Post by michael louwe » Tue May 21, 2019 4:01 pm

The OP report states that the SKorean Ministry of Interior will be moving from Win 7 to Linux after Jan 2020. As per https://www.mois.go.kr/eng/sub/a02/abou ... /screen.do , this is quite doable. But I doubt the Ministry of Defence and Ministry of Health will be able to do the same because military training, weaponry and hospital/medical systems still mostly rely on Windows.

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Re: South Korea says goodbye to Microsoft

Post by Pjotr » Tue May 21, 2019 6:50 pm

gm10 wrote:
Tue May 21, 2019 2:00 pm
Yes, and while Nietzsche did describe human nature at large quite well, that still allows me to find it unfortunate, same as I would like to disagree with Nietzsche's idea of good and evil only being a consideration for the powerless for lack of another means of elevating their power (I'm slightly paraphrasing), no matter how much truth (unfortunately!) can be found in that.
Well, personally I think Nietzsche exaggerated a bit. The average human does have a social sense and has therefore, by nature, some limited inclination to help others. Limited, because self-interest naturally comes first (which generally is also for the best, I think).

But the average human is not so bad. One shouldn't put one's expectations too high, but most people are rather decent. Which is as good as it gets, and as it will ever get. :mrgreen:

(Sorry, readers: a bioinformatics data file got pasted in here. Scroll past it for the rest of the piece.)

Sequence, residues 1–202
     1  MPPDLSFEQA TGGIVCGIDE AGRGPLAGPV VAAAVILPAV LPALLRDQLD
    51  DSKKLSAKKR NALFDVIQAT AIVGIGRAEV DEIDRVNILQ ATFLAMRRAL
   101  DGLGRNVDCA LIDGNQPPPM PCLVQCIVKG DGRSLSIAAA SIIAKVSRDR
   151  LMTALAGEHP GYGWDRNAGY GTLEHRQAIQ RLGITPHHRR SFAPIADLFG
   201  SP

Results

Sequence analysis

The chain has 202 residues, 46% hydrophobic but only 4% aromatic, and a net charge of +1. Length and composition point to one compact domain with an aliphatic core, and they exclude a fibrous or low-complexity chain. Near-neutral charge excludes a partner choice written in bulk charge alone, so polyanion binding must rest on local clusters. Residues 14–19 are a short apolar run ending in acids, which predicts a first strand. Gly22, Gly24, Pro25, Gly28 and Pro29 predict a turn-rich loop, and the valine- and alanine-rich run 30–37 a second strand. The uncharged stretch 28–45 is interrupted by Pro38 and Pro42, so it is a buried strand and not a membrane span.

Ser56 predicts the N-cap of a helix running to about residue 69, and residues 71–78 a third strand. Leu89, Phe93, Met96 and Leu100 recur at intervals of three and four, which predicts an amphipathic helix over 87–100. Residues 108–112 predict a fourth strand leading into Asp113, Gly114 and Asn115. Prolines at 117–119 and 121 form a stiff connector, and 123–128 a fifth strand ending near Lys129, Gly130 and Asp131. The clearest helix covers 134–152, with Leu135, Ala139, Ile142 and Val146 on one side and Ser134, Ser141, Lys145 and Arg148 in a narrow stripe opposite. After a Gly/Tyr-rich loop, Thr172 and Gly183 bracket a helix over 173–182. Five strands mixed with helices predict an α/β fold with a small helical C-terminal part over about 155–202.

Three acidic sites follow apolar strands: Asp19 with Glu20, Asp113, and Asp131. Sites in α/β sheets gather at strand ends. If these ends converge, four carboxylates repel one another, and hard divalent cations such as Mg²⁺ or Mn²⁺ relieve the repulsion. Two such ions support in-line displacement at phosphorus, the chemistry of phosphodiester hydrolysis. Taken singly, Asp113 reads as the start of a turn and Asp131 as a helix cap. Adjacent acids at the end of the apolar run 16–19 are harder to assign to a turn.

If Nietzsche wouldn't have been such an incurable romantic, he probably wouldn't have been driven to such merciless extremist, and therefore ultimately unrealistic, views and philosophies. And maybe he would even have been spared insanity (although his uncured syphilis of course didn't help).

A touch of French "bon sens" would certainly have done him a power of good. One has to hand it to the French: no people that I know of has the same amount of clear-headed horse sense. Romance, with all its destructive potential, has always had remarkably little effect on the French. Good for them.
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Re: South Korea says goodbye to Microsoft

Post by stormryder » Tue May 21, 2019 10:43 pm

Portreve wrote:
Tue May 21, 2019 12:55 pm
Anyone saying the Government is wasteful and the private sector is efficient is, frankly, either ignorant or on the take.
I own my own business and I am not on the take, thank you very much. I work hard for the money I earn and you are welcome to work with me if you can keep up. The government is so full of wasteful bureaucracy its ridiculous, I guess I'm just ignorant for wanting to work for myself without big brother telling me what to do.
gm10 wrote:
Tue May 21, 2019 1:10 pm
Private companies are profit driven, the government is not.

Exactly, the government can waste as much of your money as they feel like and then just raise your taxes when they run out. What are you going to do? Protest? They'll just run you down with the armored cars you bought them.

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Re: South Korea says goodbye to Microsoft

Post by gm10 » Tue May 21, 2019 10:51 pm

stormryder wrote:
Tue May 21, 2019 10:43 pm
They'll just run you down with the armored cars you bought them.
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Re: South Korea says goodbye to Microsoft

Post by lsemmens » Wed May 22, 2019 10:04 pm

gm10 wrote:
Tue May 21, 2019 10:51 pm
stormryder wrote:
Tue May 21, 2019 10:43 pm
They'll just run you down with the armored cars you bought them.
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Re: South Korea says goodbye to Microsoft

Post by jimallyn » Thu May 23, 2019 2:36 am